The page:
- During work hours: If the courtesy request is an emergency or requires immediate action, staff should make phone contact with the receiving circuit to ensure the request has been received and is being addressed.
- After work hours: Some situations may require after-hours/on-call staff to respond immediately. In such situations, the requesting worker should contact on-call staff directly, utilizing the County/Office Coverage screen in FACES. If necessary, the requesting worker can also contact CANHU to have an on-call worker contacted.
- For all other non-emergent requests: Staff should send the Courtesy Request form (CPS-2) to the appropriate Circuit Courtesy/Service Request email address. The Circuit Courtesy/Service Request email boxes should be used for initial requests only. Once the requesting staff is informed the request has been assigned, further correspondence should be made directly to the assigned staff member.
- Prison Courtesy Requests: When the individual needing to be interviewed is in prison, the assigned worker should attempt to make arrangements with prison personnel to interview incarcerated individuals via telephone. Prison courtesy requests should only be made when these arrangements are not possible or it is absolutely necessary to conduct the interview in person.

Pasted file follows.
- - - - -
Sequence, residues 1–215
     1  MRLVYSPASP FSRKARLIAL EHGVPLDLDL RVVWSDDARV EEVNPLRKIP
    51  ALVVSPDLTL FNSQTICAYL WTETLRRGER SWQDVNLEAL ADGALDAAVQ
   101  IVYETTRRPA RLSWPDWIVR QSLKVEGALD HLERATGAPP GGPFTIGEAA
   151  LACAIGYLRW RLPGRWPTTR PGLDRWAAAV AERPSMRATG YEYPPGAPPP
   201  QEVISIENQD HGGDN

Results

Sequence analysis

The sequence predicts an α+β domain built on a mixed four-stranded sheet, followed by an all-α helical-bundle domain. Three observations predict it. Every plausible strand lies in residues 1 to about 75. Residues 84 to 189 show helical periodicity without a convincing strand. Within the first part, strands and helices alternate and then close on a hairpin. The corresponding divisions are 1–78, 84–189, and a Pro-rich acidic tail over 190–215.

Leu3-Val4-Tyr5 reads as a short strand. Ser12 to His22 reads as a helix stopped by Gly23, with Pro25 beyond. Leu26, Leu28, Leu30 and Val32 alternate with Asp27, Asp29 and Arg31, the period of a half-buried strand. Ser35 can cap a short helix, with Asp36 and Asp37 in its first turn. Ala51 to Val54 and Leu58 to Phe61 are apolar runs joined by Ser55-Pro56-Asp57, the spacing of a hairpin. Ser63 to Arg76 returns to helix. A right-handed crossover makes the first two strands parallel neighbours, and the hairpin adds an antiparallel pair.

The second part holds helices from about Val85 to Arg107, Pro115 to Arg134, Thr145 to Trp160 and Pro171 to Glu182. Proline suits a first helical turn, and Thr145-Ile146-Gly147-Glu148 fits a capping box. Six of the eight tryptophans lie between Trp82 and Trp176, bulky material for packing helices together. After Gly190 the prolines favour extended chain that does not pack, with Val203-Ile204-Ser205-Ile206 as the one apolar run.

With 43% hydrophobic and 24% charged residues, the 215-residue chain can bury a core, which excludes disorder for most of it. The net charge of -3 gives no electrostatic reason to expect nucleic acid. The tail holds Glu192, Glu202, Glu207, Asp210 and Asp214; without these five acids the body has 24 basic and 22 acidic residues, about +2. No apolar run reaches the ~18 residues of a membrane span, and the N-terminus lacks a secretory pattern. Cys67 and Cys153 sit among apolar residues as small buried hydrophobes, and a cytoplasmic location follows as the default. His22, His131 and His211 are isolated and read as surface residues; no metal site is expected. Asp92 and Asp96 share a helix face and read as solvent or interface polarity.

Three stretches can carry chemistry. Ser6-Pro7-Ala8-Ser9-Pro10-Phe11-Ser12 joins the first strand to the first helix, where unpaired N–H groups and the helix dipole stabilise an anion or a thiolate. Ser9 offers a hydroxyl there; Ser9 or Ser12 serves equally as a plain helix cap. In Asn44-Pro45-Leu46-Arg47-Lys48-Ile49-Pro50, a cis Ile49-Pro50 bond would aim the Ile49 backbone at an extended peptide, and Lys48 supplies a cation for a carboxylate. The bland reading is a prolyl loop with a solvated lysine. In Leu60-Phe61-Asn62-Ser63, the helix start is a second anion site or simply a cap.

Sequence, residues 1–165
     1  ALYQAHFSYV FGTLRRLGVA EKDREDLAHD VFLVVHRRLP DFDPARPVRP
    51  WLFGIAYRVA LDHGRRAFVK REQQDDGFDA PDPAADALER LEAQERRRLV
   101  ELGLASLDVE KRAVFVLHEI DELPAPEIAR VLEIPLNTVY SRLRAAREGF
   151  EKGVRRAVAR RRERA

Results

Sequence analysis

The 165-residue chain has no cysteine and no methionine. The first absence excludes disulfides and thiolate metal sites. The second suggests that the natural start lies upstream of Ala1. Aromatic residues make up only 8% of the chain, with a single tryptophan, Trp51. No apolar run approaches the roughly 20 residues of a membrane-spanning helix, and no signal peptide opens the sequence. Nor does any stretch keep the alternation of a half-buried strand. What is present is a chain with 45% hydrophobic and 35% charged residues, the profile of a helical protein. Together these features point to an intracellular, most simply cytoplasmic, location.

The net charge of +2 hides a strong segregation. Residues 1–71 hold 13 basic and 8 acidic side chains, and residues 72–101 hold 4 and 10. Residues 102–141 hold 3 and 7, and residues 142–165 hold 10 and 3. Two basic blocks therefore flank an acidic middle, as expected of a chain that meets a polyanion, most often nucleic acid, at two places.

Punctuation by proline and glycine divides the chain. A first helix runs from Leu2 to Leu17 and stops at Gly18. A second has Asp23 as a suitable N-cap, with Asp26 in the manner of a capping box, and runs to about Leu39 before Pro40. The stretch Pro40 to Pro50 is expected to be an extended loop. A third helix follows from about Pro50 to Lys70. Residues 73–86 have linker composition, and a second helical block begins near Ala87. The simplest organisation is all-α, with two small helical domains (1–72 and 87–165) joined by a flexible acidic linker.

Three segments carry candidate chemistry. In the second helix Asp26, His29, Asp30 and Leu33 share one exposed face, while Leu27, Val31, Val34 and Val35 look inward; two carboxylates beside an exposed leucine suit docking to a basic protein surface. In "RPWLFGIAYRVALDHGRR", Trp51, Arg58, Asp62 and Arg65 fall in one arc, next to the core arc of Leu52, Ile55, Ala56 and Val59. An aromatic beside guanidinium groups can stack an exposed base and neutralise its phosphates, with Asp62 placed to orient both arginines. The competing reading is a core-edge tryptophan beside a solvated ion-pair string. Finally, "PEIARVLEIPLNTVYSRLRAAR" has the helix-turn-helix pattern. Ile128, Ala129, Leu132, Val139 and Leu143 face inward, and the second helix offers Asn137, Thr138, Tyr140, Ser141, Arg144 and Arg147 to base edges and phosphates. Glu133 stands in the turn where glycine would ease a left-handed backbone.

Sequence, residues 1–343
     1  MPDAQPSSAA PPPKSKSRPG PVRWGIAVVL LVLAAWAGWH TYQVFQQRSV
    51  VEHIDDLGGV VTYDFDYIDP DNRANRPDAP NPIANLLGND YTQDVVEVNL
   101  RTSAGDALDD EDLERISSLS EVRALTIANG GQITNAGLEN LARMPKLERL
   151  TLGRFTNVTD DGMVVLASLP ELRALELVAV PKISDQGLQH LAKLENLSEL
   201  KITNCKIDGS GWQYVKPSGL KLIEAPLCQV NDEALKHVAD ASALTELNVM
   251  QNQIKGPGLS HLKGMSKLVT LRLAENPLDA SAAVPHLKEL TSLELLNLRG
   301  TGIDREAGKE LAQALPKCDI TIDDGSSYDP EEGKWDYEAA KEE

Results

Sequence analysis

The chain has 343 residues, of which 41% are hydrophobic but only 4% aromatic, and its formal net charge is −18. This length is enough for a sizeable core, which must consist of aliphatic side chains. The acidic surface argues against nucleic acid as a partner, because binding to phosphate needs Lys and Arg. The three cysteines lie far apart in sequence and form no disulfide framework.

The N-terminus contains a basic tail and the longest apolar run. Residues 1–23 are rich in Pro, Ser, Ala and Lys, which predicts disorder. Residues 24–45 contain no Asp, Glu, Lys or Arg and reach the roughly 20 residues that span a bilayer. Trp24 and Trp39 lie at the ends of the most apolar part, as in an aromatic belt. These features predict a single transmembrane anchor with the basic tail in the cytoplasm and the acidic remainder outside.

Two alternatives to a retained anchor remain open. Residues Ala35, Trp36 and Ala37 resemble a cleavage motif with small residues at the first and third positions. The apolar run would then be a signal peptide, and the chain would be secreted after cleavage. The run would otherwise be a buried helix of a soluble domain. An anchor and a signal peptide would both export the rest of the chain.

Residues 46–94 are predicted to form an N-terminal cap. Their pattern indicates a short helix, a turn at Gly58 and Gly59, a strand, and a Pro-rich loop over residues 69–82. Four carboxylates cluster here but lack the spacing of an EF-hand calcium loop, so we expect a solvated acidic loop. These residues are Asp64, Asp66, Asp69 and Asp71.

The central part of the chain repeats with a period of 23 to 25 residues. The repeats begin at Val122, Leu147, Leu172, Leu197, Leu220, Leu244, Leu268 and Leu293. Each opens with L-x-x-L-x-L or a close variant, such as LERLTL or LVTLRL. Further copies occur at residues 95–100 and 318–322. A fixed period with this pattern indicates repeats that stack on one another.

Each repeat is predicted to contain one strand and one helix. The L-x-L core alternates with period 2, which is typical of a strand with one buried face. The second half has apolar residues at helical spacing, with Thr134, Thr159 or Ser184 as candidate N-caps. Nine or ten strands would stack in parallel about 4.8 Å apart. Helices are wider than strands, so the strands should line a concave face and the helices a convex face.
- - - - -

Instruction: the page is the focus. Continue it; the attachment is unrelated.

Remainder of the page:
For out of state courtesy requests, staff should make phone contact with the appropriate state Child Protective Services agency and proceed in arranging an assist according to that state’s procedure.
Every Circuit must develop a protocol for:
- Managing access to the Circuit Courtesy/Service Request email box. This includes adding and updating an adequate number of staff to be available to monitor and respond to emails received during the day. It is suggested that a primary and back up staff check the inbox 3 to 5 times a day to make sure requests are received and acted on in a timely manner. Assigning courtesy requests in a timely manner is essential to ensure timeframes are not missed.
- Circuits will also need a system of assigning the emails to field staff who perform the requested action.
- Once the courtesy request is assigned, the requesting worker should be notified who the request was assigned to.
- If more than one staff are monitoring the Circuit Courtesy/Service Request email box, circuits will need to develop a way to designate that an email request has been assigned to avoid duplication of responses.
Thorough documentation of any interviews and contacts made to complete the courtesy request is essential to assist the requesting worker. Supervisors should review the completed CPS-2 prior to the completed courtesy request being sent to the requesting worker to ensure it has been thoroughly addressed and documented. Every effort should be made to document the completed courtesy request within the requested timeframes.
Safety Network: Individuals who may be able to help support the family in developing and carrying out the safety plan. These individuals may include witnesses and collaterals identified during the CA/N report.
Witness: An individual who may have direct knowledge of the allegations of child abuse/neglect.
Collateral: An individual, not the reporter and/or a household member, who is knowledgeable of the family’s situation and serves to support, corroborate, or refute information provided by the family.